Friday saw me delayed by the tube so I ran the length of Hyde Park. Turns out it's big. Or I'm not a runner. Either way, I burst into the lecture hall and caught the eye of Shane. "Sorry, we're not really letting people sit at the front… except I know what you're here to do, so I'll let you off". Barely able to catch my breath I extended a hand shake. "I'm Tom by the way. Great to finally meet you." Shane being the Head of Expedition Operations at the RGS. I continue to meet every speaker that night and the Deputy Director, all in about 30 seconds. Top tip. Sit at the front of things. Nobody's going to meet you at the back!


That night was a challenge. Postcards from the Field showcased some of that year's expeditions in a series of eight minute talks. With around a 30 seconds break between each one! An hour and a half later I'd sketched seven talks and was absolutely knackered! No time to rest though. A deep breath as I jumped back into a third round of networking and excitable conversations about the future. How on earth was I going to keep this going for an entire weekend!?


The following morning I shook like a leaf as I got out of the car. My social anxiety finally catching up with me, after what had already been a super intense few days. Now I had to meet an entire building of new people! AND spend a whole day with them! OK I didn't HAVE to. But I hadn't waited four years to hide in the corner. Time to put on the brave pants.

Speed sketches created during Royal Geographical Society's Explore Symposium

I proceeded to sketch all the speakers that morning. Varying from 5-20 mins per sketch, often not knowing how long I'd have so there was a lot of frantic scribbling. Come the break, I stood in a queue of people in an awkward silence. Sketching is such a great icebreaker but as soon as you take away my superpower, I'm just left feeling awkward! Thankfully a soon to be new friend Richard started things off with "so what are you all hoping to get out of this weekend?". A question I later used repeatedly over the weekend. It was gold! He then invited me to a retreat in Dartmoor and a road trip around Europe, all within about 30 seconds. "These seem to be my people" I thought. I'm going to have a good weekend 🙂


After another round of talks and a lunch provided by Firepot (not sponsored, just credit where it's due) we broke away into workshops, which I used as an opportunity to mix things up a bit. Capturing crowd scenes and flitting between a couple of them. Choosing to prioritise adding to my portfolio over learning content this time around.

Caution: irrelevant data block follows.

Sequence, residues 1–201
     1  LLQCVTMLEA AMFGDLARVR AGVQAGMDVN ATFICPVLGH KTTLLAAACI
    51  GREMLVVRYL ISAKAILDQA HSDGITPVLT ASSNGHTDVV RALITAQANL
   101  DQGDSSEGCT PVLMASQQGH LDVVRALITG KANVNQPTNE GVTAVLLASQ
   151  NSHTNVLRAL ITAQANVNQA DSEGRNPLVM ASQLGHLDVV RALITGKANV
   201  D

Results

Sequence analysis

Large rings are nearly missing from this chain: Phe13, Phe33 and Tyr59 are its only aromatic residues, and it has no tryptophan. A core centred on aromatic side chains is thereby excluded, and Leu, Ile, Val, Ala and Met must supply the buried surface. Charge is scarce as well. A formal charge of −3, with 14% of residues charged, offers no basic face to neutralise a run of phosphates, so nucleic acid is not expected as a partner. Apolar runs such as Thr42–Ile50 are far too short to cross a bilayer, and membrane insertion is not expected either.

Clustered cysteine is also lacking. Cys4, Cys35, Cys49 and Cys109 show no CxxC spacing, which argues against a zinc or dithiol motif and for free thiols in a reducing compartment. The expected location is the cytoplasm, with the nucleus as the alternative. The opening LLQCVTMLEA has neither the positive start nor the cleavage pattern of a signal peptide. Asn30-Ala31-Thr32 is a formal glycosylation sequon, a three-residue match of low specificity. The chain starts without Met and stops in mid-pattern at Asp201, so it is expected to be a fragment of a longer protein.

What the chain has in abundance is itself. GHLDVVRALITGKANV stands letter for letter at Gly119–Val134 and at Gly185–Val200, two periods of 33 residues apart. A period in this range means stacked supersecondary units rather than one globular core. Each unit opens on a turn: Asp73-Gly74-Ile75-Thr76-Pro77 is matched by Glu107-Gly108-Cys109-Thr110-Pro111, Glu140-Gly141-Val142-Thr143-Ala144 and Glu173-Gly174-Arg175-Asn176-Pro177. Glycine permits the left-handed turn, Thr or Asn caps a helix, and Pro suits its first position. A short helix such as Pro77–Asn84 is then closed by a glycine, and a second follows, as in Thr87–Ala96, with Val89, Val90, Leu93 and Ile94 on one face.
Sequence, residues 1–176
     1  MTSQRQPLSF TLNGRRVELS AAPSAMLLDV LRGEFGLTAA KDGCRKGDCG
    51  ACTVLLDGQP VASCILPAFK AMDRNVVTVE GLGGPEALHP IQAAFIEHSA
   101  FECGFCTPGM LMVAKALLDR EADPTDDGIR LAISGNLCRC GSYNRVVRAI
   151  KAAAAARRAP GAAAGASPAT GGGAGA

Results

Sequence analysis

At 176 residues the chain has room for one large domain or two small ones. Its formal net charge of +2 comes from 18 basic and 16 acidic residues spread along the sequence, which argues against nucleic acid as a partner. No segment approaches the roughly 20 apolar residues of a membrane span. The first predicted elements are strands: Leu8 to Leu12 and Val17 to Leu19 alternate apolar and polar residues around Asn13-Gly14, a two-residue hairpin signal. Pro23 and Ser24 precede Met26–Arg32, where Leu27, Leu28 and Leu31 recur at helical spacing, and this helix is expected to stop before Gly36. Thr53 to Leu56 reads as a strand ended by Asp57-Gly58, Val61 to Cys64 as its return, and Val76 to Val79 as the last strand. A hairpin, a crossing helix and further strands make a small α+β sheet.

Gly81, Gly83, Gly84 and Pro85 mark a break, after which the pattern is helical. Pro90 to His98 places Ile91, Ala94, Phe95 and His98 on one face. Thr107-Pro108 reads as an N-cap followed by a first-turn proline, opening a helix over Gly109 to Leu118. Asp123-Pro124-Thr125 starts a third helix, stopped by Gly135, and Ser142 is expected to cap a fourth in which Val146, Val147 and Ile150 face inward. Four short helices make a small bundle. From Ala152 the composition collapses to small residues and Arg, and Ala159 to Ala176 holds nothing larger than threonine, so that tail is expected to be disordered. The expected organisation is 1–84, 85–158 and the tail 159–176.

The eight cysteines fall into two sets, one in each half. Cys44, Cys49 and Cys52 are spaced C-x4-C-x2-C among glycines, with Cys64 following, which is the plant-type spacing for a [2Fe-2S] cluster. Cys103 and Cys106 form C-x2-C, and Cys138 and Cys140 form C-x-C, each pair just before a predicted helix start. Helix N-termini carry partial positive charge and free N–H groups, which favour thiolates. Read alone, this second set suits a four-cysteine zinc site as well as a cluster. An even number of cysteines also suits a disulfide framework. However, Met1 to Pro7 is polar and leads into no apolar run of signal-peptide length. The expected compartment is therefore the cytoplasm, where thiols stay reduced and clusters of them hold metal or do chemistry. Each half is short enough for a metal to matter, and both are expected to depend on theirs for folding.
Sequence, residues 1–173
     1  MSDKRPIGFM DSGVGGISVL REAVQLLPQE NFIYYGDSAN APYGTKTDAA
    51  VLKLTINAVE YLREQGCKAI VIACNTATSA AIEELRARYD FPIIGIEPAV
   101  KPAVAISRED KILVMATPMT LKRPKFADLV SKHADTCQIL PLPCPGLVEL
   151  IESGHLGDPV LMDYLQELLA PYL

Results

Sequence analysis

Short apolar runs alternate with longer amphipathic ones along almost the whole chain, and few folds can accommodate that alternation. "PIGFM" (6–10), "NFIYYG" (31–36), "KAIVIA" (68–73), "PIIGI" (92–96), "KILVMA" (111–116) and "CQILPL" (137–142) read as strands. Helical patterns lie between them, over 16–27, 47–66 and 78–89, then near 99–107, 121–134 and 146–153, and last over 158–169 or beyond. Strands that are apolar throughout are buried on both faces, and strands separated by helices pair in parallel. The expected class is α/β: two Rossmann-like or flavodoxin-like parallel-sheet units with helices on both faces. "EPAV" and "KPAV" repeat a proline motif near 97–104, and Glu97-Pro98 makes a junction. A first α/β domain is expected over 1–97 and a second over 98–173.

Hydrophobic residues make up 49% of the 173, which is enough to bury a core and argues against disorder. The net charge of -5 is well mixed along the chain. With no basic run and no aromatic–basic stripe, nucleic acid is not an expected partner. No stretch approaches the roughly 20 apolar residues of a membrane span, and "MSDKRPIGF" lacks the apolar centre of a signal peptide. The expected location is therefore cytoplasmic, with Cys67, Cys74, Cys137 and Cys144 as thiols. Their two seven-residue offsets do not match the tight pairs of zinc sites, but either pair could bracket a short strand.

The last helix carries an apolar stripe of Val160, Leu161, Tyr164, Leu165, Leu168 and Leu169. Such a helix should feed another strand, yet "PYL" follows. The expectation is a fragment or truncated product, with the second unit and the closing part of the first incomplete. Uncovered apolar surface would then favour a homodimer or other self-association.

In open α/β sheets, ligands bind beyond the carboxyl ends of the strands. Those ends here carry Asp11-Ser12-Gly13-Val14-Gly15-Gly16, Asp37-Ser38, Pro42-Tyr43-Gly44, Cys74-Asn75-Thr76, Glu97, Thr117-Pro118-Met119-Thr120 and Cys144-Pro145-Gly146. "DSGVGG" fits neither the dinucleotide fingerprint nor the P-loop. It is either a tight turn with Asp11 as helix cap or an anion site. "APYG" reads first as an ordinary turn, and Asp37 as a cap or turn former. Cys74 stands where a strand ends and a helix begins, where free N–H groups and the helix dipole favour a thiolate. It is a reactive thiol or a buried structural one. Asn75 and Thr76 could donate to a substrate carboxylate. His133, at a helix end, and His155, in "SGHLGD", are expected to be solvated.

Connections continued to happen all around me as I pulled Nigel over to the side. "Nigel, we've spoken quite a lot already but I'd love to steal five minutes of your time to have a proper chat this weekend…" Great, how about now?". This would be the first of three times people would offer help right there on the spot. Amazing! We had a session at his help desk. Concluding that basically, being an expedition artist was so feasible that it's not a case of where I'm lucky enough to do it, it's where do I WANT to do it and then find an expedition that suits. "For example… where would you go if I gave you £10k right now?"... WHAT!? "Err I don't know, I guess my tip-top dream place would be Antarctica"... "OK anywhere but there. You wouldn't get there on that! But I do know a Dame Professor who could help". What!? The level of networking and connections inside this building was bonkers!

Speed sketches created during Royal Geographical Society's Explore Symposium

Another round of sketches later and I asked the organisers if I could join the list of on-stage shout-outs that had been happening across the day. "Sounds great. Actually, I'll tell you what. If you can get me a photo of all the sketches that you've done so far, we'll stick them on the main screen…" ARGH! OK! I can do one better, I thought. I'd be up until 1am designing a twelve foot business card!


That evening, things finally started to catch up with me. The bar was INTENSE. The high ceilings and cacophony of excitable conversation reaching a volume that sent my anxiety racing. I hovered about for a while, feeling awkward on the sides of other people's conversations, until I remembered I could hide in the sketch book! It's what I was there to do after all!